They’re Not Playing Around

We review the cutthroat business of toys: Does Toys “R” Us stand a chance against industry behemoth Wal-Mart this holiday season?


Toys “R” Us vs. Wal-Mart

Shopping spree
Chicago, Illinois
September 2004


Somewhere in Toyland, Geoffrey the giraffe, Toys “R” Us’s upbeat mascot, was melting down. In August, after losing share for years to Wal-Mart, Toys “R” Us CEO John Eyler suggested that the retailer might ditch the toy business to focus on its baby-goods division. Eyler didn’t raise the white flag, but he sure seemed to be unfurling it for future use.

Wow. Could Wal-Mart take down Toys “R” Us, the 56-year-old chain that basically invented the term “category killer”? It sure looks that way: In the six months ended July 31, sales at Toys “R” Us’s 684 U.S. toy stores dropped 8.7%, producing a $152 million operating loss. To find out why, we went shopping.

On one level, a store-to-store comparison appears lopsided: Toys “R” Us has thousands more toys. It’s not just that you find more Legos, Barbies, and stuffed animals. You find them in greater variety — more characters, colors, and accessories. Toys “R” Us has renovated many stores since 2000, and it shows. Instead of aisles, big loops take shoppers past distinct “worlds” of stuffed animals, preschool toys, strollers, bikes, cars, action figures, video games. With more shelf space, manufacturers have room to experiment and surprise.

Wal-Mart’s toy department is seven aisles, or about 3,500 square feet, a fraction of the 45,000 square feet typical at Toys “R” Us. (Wal-Mart expands the area for the holidays, though.) It stocks mostly best-sellers such as Bratz dolls and movie spin-offs — Spider-Man Legos and Shrek 2 Rotten Root Canal Play-Doh sets. Shelves seem organized at random and have the picked-over appearance of a yard sale. Service is next to nonexistent: A blue-smocked employee tells me toys “isn’t my department.” And the place doesn’t feel remotely playful.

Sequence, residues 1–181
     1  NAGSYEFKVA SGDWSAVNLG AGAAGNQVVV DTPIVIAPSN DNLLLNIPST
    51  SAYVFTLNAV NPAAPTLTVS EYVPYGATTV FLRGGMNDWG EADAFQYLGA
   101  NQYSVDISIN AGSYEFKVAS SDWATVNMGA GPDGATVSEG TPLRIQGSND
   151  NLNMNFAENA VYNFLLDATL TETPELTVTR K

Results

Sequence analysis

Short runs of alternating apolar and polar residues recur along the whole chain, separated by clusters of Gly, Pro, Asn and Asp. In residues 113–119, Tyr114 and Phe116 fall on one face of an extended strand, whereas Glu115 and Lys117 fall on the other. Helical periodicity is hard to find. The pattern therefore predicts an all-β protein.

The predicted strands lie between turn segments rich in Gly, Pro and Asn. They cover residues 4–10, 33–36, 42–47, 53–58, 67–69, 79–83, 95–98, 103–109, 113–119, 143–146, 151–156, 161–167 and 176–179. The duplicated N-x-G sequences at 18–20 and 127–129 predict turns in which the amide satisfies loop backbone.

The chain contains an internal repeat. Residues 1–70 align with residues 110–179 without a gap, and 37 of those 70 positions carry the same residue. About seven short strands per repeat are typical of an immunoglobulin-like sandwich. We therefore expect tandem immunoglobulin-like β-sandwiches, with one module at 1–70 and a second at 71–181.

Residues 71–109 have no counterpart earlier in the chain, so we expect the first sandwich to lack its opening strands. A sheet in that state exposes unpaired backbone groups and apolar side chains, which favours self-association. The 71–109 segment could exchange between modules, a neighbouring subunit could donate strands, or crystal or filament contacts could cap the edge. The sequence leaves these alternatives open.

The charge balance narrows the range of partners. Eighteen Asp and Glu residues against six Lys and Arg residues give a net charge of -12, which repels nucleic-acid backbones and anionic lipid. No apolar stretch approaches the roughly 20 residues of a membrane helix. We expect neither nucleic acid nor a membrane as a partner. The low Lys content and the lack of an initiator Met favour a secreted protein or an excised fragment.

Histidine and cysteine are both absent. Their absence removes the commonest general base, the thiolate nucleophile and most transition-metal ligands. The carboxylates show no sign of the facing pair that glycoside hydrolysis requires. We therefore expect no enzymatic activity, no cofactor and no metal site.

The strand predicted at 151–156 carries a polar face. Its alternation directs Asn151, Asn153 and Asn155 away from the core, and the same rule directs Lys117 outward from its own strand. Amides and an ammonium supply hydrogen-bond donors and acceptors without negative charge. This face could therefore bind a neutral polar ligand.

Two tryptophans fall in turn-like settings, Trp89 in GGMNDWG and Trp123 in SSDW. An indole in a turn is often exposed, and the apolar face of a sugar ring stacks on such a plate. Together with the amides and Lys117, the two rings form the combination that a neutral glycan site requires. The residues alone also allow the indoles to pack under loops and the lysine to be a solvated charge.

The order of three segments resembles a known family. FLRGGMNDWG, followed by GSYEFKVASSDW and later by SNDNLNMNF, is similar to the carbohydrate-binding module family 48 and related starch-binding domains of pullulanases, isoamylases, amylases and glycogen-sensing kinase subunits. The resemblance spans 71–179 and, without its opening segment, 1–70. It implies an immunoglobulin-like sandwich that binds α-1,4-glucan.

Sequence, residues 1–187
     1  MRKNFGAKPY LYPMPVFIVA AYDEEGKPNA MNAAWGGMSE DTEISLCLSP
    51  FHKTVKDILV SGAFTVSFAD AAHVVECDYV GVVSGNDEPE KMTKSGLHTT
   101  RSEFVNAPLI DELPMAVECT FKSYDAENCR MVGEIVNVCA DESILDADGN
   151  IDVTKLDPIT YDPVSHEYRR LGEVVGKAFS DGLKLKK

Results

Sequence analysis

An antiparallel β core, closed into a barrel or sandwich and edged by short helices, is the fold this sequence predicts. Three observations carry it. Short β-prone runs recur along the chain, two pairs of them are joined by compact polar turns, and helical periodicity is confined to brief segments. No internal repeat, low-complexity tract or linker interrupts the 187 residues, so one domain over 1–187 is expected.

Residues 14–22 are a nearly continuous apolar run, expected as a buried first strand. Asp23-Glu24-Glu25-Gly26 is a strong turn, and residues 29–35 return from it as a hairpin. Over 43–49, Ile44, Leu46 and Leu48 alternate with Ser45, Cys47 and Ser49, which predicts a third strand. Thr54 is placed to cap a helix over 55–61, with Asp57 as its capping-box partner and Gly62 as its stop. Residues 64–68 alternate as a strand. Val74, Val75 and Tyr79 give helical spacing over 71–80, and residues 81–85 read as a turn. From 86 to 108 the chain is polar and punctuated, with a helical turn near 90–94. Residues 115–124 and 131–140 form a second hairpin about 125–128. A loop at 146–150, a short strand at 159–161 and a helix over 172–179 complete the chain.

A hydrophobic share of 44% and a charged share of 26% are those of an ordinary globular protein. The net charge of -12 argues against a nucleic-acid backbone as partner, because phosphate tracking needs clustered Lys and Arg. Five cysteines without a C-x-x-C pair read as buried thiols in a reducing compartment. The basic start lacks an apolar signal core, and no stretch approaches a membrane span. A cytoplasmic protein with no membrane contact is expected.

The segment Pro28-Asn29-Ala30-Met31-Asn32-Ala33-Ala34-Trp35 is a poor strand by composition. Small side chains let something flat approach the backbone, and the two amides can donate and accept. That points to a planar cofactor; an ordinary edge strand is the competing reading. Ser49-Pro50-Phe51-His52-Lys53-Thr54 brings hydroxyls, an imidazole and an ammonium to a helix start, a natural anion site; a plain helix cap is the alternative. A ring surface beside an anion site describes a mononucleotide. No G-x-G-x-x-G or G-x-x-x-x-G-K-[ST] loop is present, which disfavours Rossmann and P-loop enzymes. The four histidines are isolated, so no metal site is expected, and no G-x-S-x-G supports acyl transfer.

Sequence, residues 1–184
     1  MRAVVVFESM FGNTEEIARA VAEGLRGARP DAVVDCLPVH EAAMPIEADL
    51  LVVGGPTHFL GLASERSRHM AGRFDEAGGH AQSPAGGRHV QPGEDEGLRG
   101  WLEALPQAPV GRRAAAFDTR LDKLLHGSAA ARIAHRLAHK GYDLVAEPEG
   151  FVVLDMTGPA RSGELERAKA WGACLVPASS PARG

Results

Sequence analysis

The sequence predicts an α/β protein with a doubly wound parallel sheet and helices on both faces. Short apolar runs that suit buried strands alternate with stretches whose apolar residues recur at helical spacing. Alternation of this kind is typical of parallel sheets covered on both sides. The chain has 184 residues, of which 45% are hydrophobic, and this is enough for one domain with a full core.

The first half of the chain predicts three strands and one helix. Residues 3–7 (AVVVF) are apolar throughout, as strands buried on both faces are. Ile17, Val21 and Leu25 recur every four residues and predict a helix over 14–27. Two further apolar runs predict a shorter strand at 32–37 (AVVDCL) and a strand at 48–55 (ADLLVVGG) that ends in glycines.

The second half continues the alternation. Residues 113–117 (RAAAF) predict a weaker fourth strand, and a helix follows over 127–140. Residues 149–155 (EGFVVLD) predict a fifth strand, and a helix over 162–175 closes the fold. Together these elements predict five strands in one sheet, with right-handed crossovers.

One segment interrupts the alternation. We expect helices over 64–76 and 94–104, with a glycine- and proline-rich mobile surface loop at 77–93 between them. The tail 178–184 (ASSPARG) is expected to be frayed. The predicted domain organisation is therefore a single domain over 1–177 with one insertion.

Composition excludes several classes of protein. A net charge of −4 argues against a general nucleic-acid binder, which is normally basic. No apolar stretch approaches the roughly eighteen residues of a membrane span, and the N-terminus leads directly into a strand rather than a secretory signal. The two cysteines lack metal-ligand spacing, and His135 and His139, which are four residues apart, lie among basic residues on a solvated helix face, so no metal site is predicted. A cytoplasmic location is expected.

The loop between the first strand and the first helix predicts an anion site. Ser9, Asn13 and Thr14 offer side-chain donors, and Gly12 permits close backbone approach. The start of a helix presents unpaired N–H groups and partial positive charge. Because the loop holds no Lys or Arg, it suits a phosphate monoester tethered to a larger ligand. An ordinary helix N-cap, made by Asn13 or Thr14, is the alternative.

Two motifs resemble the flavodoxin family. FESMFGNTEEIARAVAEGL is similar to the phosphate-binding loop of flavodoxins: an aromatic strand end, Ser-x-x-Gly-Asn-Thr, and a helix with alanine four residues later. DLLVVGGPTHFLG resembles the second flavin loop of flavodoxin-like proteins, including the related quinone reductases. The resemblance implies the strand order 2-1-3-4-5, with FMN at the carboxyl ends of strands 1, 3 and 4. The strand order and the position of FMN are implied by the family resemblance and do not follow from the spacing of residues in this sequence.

What’s Wal-Mart’s appeal? Heather Dambek, a Chicago mother of 2-year-old twins, doesn’t come to Wal-Mart intending to buy toys, but she winds up with them in her cart. “I’m in here once a week for things like toilet paper, and every time I browse for toys,” she says, “I see the prices and get suckered in.”

That’s revealing. It’s not that Wal-Mart’s prices are much lower than those at Toys “R” Us; one analyst pegged the advantage at 1.2%. But Wal-Mart’s combination of price and convenience is powerful indeed. Toys “R” Us is a big, brightly colored store where you could spend hours and not see every toy. Consumers go to Wal-Mart to buy something else, but can’t resist trolling the toy aisle for a bargain.


Toys “R” Us is clearly the better retail experience. Its stores have a sense of the fun and magic that toys, at their best, can deliver. They’re playful (in a formulaic, corporate way, but still). In the face of the Wal-Mart monolith, though, Toys “R” Us doesn’t have a prayer.

Poor Geoffrey.

About the author

Chuck Salter is a senior editor at Fast Company and a longtime award-winning feature writer for the magazine. In addition to his print, online and video stories, he performs live reported narratives at various conferences, and he edited the Fast Company anthologies Breakthrough Leadership, Hacking Hollywood, and #Unplug